Cathcart Cemetery is a cemetery in East Renfrewshire, Scotland, which was opened in 1878. It is named after the nearby neighbourhood of Cathcart on the southern outskirts of Glasgow, but does not actually fall within the city boundaries. It is bounded to the east by the White Cart Water, with Linn Park on the opposite bank. Other surrounding residential areas to the west are Muirend and Netherlee. The grounds of Holmwood House, a mansion designed by Alexander 'Greek' Thomson, are located a short distance to the north.
The 43 acre site is divided into two sections, the older section and the newer Linn extension, divided by Netherlee Road. There are war graves in both sections; a total of 243 Commonwealth service personnel of both World Wars are buried here. Cathcart Cemetery is one of the few multi-faith burial grounds in the Glasgow area, housing Hebrew and Muslim sections in the Linn Extension.
Cathcart Cemetery is a garden cemetery and designed to be enjoyed as parks and gardens. For the Victorians, death was not something that was hidden away, but almost something to be celebrated in finely carved gravestones and a prime location. And Cathcart Cemetery is no exception. According to the sales brochure:
“A cemetery in the country, easy of access from the city, yet sufficiently removed to be clear of its deleterious vapours, surrounded by woods and echoing to the sound of murmuring streams, laid out and embellished with artistic taste, and yielding flowers and blossoms for nine months of the year, was hardly dreamed of. Yet these advantages have now been combined in Cathcart Cemetery"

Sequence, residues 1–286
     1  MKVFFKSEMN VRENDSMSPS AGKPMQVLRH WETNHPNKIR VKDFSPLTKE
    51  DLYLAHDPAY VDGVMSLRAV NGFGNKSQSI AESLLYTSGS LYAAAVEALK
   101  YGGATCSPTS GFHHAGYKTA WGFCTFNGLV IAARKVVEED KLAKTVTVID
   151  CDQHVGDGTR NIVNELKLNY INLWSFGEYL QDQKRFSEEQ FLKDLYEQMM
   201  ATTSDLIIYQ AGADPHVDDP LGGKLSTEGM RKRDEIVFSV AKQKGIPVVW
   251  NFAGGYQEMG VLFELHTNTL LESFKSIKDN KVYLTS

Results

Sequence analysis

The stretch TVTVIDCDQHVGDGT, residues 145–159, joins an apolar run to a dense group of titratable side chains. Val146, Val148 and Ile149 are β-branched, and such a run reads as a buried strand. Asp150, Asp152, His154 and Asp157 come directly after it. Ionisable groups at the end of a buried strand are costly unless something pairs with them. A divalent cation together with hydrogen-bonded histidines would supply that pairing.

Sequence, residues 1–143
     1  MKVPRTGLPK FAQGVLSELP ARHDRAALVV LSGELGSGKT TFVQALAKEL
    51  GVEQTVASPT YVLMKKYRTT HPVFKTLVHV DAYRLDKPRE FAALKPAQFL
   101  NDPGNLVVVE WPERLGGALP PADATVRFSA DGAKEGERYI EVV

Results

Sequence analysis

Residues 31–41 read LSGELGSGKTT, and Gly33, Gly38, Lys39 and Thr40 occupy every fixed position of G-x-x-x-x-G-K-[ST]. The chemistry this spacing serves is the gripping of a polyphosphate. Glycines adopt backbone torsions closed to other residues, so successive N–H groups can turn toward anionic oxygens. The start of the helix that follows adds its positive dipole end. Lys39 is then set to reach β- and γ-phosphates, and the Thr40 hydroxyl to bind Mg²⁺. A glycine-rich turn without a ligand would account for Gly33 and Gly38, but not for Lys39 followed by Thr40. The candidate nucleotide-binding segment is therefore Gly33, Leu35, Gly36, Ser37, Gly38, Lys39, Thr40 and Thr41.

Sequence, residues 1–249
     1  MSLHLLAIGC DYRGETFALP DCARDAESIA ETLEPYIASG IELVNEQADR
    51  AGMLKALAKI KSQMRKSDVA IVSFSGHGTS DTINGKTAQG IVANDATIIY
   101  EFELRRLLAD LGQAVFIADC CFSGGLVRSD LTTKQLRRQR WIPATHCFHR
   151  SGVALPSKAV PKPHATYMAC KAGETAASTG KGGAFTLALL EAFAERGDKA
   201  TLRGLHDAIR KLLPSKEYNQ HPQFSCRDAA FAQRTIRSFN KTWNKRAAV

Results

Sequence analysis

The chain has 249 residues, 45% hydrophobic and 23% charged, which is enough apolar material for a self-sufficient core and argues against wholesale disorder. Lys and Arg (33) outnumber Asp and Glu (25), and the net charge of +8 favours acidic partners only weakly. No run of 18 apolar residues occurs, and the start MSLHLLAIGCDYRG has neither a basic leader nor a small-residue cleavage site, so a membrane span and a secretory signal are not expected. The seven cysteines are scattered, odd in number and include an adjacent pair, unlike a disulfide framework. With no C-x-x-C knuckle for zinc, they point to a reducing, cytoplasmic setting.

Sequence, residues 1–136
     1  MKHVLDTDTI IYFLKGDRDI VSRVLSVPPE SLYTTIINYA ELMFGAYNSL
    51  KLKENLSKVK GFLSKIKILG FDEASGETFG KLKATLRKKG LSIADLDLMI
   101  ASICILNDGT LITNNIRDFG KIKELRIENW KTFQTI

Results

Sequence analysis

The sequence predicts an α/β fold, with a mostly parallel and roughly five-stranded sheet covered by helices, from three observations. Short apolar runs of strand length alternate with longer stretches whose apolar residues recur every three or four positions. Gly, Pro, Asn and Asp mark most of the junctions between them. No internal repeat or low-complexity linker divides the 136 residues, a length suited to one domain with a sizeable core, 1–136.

(Notes on Cathcart Cemetery and Surrounding Districts 1888)
The Cemetery was laid out by William Ross McKelvie (1826 – 1893), one of Scotland’s finest Garden Cemetery designers.
Cathcart Cemetery is a well-loved and valued space in the community. With nearly 15,000 graves, the Cemetery is a deep library of local knowledge and social history – every grave tells its own stories. Given how near Hampden is, it’s no surprise that Cathcart Cemetery is the final resting place of great pioneering footballers of the day, including Joseph Taylor, the first Captain of Scotland, and the first managers of Celtic and Rangers, Willie Maley and William Wilton. Entertainers are well represented including Margaret Metcalfe Jefferson, (Stan Laurel’s mother); the musical-hall comedian Mark Sheridan and the Gaelic opera singer Jessie MacLachlan. Great artists such as George Henry, Hannah Frank and Marianne Grant can also be found at the Cemetery.
The Cemetery is also home to some magnificent gravestones and memorials: the William and Mary Hood mausoleum, which is based upon the Philae Temple of Hathor is a full-scale Egyptian temple in the middle of the Southside of Glasgow.
The cemetery gatehouse had been derelict for ten years until it was restored as a family home, winning a Glasgow Institute of Architects Design Award in 2011.
Everyone has their favourite gravestones and stories. If you want to help please get in touch here.
Friends of Cathcart Cemetery is a fledgling community group interested in celebrating the cultural, architectural and natural heritage of Cathcart Cemetery in the southside of Glasgow. Whether you use the cemetery to walk the dog, exercise, escape for some peace and quiet, explore the beautiful headstones or enjoy the woodlands and nature, we believe the cemetery is an important local asset and want to see it improved for all to enjoy.
We are particularly interested if you have any information about the 'incumbents' buried here. We need your help! .
If you want to help us please don’t hesitate to get in touch with us here.